Saccharomyces cerevisiae expresses α-glucoside transporters, such as MalX1p (X=1(Agt1p), 2, 3, 4, and 6), which are proton symporters. These transporters are regulated at transcriptional and posttranslational levels in the presence of glucose. Malt wort contains glucose, maltose, and maltotriose, and the assimilation of maltose is delayed as a function of glucose concentration. With the objective of increasing beer fermentation rates, we characterized α-glucoside transporters and bred laboratory yeasts that expressed various α-glucoside transporters for the simultaneous uptake of different sugars. Mal21p was found to be the most resistant transporter to glucose-induced degradation, and strain (HD17) expressing MAL21 grew on a medium containing glucose or maltose, but not on a medium containing both sugars (YPDM). This unexpected growth defect was observed on a medium containing glucose and >0.1% maltose but was not exhibited by a strain that constitutively expressed maltase. The defect depended on intracellular maltose concentration. Although maltose accumulation caused a surge in turgor pressure, addition of sorbitol to YPDM did not increase growth. When strain HD17 was cultivated in a medium containing only maltose, protein synthesis was inhibited at early times but subsequently resumed with reduction in accumulated maltose, but not if the medium was exchanged for YPDM. We conclude that protein synthesis was terminated under the accumulation of maltose, regardless of extracellular osmolarity, and HD17 could not resume growth, because the intracellular concentration of maltose did not decrease due to insufficient synthesis of maltase. Yeast should incorporate maltose after expressing adequate maltase in beer brewing.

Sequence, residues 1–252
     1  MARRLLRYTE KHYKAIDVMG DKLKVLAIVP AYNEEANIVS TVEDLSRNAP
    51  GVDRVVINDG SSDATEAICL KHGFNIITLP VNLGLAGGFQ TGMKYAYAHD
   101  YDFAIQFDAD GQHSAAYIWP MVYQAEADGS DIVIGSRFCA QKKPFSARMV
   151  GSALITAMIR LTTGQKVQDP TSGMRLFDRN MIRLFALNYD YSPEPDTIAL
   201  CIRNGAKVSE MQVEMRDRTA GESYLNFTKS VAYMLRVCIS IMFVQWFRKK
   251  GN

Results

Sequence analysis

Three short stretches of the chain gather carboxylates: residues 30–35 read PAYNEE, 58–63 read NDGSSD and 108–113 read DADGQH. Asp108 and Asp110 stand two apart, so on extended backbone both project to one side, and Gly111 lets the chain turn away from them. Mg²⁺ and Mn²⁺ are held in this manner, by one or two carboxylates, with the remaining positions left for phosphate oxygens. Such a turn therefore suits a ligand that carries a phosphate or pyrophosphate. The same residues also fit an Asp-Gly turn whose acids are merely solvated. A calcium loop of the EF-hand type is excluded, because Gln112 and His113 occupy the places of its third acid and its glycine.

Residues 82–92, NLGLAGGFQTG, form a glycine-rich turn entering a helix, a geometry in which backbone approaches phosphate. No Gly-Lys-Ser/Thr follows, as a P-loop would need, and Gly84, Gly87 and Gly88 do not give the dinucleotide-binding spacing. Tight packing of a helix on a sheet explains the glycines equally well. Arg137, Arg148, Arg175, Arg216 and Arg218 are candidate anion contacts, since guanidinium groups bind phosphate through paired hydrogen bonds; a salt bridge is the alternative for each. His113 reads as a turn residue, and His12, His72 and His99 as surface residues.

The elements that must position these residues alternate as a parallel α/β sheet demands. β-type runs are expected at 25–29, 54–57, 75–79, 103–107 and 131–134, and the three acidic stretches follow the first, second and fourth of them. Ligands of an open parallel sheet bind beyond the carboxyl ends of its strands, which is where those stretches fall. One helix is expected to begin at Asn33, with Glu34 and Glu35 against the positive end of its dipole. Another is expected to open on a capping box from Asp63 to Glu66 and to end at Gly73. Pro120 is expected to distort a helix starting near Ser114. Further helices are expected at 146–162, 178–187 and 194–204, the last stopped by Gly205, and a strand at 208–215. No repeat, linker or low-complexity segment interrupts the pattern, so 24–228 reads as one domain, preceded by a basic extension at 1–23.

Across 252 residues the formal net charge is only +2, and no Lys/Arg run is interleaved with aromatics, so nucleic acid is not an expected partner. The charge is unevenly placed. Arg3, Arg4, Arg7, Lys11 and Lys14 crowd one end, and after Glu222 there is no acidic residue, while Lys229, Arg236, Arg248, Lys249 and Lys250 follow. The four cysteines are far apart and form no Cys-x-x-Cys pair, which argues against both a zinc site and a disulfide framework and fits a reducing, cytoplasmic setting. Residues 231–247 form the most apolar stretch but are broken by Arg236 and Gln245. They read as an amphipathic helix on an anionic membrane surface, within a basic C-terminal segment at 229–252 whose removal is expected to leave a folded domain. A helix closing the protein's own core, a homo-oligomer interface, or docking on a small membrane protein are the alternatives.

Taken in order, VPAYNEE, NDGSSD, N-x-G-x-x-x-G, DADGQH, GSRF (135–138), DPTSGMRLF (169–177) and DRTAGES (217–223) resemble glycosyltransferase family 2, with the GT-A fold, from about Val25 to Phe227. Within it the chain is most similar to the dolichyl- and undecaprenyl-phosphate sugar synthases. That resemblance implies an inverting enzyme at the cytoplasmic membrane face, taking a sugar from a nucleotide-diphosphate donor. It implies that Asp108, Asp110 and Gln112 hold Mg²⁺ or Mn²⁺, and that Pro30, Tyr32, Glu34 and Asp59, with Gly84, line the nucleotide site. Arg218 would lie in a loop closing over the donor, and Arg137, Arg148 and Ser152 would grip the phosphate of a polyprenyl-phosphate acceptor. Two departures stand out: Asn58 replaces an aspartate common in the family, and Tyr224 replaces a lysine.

Keywords: Glucose; Growth inhibition; Maltose; Saccharomyces cerevisiae; α-Glucoside transporters.
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